Posted by: Loren Coleman on April 13th, 2006
…and his forthcoming Spring 2006 sequel, Shadows of Existence, comments (remarks reproduced with permission) thusly:
When the topic of birds comes up, I always puzzle over the contrast between the amazing ability of birders to spot – and report – small accidentals and their apparent inability to spot Thunderbirds the size of Piper Cubs. With all respect to those who have done work in this field (Coleman, Hall, etc.) I remain convinced this is strong evidence no such birds exist.
Matt must have known that I would bring forth this quote: “Absence of evidence is not evidence of absence.” – Physicist John Archibald Wheeler via Carl Sagan’s book, A Demon Haunted World.
Needless to say, the simple answer to Matt’s remark is that birders are not looking for big birds because they don’t think they exist, there are few of the birds to see, and yet, of course, people are seeing the large birds, nevertheless.
Since Matt Bille is also addressing his critique to Mark A. Hall, I’ll let Hall speak for himself.
In Hall’s 2004 book, Thunderbirds: America’s Living Legends of Giant Birds, he writes:
Some critics of the survival of giant birds will argue that places like West Virginia have been thoroughly examined for birdlife and that no giant birds have been found. But that simply assumes the conclusion within their argument. The issue here is whether or not that assumption is in error. “Where are the reports of giant birds?” they will ask. That is what we are seeing here. Modern reports of giant birds continue. Why aren’t there more of them? Three reasons: the birds are not numerous; the birds are secretive and utilize the cover of darkness and their natural camouflage well…; and people are discouraged from making sightings known.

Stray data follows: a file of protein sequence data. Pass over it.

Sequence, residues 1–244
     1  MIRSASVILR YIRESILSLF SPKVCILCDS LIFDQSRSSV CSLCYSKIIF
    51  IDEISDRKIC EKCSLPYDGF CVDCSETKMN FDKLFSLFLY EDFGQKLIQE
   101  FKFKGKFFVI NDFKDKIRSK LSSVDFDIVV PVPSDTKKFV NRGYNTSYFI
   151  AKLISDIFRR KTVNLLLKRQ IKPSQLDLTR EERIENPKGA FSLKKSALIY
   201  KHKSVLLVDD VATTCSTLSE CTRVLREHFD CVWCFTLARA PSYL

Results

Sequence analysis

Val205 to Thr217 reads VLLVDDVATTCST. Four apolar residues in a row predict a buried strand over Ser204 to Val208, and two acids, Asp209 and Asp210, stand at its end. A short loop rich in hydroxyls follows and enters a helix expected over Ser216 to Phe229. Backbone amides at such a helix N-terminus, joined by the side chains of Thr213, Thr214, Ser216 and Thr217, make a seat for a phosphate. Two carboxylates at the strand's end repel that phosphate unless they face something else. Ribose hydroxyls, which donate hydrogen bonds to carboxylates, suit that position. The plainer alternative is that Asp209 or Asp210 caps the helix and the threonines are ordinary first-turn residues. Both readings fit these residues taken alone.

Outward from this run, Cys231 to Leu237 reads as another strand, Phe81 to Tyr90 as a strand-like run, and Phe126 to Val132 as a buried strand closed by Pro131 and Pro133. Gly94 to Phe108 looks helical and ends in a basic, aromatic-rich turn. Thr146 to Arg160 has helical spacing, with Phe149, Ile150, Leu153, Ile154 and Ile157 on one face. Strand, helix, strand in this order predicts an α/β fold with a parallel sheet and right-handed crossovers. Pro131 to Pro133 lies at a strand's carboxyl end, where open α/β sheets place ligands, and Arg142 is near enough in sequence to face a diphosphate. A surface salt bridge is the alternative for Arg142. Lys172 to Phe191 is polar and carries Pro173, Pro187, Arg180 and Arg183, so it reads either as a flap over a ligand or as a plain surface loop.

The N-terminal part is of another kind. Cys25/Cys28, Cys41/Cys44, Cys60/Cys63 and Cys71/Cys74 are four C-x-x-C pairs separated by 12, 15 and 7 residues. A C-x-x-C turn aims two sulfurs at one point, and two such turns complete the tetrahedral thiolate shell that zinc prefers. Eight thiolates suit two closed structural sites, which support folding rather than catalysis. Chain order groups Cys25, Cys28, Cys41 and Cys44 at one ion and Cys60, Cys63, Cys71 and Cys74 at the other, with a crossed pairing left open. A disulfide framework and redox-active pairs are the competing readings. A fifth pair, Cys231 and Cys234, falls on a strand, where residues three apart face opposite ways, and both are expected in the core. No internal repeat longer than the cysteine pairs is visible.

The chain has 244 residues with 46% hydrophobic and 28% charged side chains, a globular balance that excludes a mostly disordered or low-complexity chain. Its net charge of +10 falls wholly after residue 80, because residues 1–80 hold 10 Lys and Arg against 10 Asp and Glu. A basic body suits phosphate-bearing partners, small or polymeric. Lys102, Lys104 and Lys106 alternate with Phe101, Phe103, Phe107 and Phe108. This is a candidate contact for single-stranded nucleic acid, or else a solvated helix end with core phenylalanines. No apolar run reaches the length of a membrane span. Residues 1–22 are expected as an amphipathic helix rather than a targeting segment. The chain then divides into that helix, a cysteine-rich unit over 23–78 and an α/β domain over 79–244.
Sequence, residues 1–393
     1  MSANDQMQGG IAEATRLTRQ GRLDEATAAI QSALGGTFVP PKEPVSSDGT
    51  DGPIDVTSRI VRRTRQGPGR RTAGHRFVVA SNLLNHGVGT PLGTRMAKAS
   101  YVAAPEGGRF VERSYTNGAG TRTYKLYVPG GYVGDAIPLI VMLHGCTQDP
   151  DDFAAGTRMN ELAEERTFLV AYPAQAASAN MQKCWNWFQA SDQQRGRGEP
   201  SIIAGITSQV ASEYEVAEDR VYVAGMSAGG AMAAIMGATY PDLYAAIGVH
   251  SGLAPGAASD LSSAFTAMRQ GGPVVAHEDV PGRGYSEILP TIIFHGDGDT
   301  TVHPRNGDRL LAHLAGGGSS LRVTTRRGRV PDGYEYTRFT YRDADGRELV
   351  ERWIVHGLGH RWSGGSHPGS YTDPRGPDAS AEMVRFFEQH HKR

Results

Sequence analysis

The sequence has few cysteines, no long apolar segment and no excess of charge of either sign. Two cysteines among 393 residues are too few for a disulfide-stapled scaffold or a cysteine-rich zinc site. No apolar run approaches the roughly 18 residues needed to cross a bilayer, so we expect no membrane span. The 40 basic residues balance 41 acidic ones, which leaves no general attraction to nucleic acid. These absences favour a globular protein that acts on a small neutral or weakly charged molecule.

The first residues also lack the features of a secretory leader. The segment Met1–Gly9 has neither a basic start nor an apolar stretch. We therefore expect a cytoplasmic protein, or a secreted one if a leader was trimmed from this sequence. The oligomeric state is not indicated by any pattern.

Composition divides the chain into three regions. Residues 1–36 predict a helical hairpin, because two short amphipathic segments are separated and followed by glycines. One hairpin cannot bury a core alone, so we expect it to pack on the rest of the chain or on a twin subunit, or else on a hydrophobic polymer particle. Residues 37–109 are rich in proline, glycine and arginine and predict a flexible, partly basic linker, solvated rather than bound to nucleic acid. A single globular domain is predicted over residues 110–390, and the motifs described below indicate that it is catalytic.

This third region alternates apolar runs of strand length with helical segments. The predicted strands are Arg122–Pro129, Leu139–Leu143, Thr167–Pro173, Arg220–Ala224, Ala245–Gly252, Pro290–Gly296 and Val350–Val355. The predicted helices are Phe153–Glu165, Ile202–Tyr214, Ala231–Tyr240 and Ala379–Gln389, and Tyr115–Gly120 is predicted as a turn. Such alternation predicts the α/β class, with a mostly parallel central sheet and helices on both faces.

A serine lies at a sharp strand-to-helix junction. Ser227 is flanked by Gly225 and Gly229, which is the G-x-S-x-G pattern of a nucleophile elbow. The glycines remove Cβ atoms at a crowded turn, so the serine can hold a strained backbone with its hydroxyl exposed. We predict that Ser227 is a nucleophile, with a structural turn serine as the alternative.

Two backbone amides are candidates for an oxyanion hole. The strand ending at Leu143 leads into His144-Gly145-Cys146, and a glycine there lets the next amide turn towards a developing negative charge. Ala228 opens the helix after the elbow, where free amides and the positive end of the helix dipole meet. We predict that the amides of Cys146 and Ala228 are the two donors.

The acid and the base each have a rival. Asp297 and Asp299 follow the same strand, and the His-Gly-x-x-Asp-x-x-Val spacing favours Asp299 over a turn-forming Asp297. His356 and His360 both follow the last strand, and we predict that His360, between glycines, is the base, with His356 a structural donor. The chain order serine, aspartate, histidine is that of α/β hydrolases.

The ridicule factor has a major impact, and Hall goes on to give some commentary from one veteran birdwatcher who had this to say, in January 2003, about reporting unusual birds in Virginia:
As a long-time birdwatcher, I have learned that even when it comes to little things, like, say, a blue-gray gnatcatcher spending the winter in Virginia, most bird authorities won’t listen to you unless you file a detailed report, preferably with a good photo. I went on a Christmas bird count last year that yielded a black-and-white warbler and a gnatcatcher in Virginia during the month of December. The warbler was not taken seriously, even though it and another neotropical species had been found wintering in the same place the year before. God help someone who sees a boreal owl in Virginia.
In light of all this: I know folks who see rare owls, sandhill cranes, and the like in my neck of the woods, and don’t report them at all for fear of being laughed at by other birders. I’d imagine anyone who saw a Bachman’s warbler or ivory-billed woodpecker today would do the same. Even if the bird landed on your head, unless you had a good photo, not a soul would believe you. Even a respected expert in the field of ornithology would shudder at the idea of telling someone they saw one of these rare birds, especially if it were never seen again. Any evidence would be subject to ridicule. The bird in the photo is stuffed, the feather is from a pileated woodpecker or stuffed specimen, the call you heard was a starling or mockingbird’s mimic, yada yada yada…..It’s the same ridicule that keeps the thylacine in the shadows and lake monsters from being taken seriously by most scientists.
Why don’t birders see giant birds? Maybe they do, but they also are forestalled in reporting them through their formal channels. That’s more routine that apparently Bille wants to consider. Ridicule can be a strong deterrent to talking about something when people make you feel mentally unbalanced for saying you saw such things.
As Hall continues:
Thunderbirds are not understood and are not recognized for what they are in the bird-watching world. So when giant birds appeared over Illinois in 1977 no one in Illinois tried to track them at the time. No effort was set into motion to follow their progress through the state.
For now, as long as Thunderbirds remain part of cryptozoology’s “damned data,” they will stay in the cellar of the common birdwatcher’s priorities, and most birders will concentrate on their life lists and the accidentals they wish to record.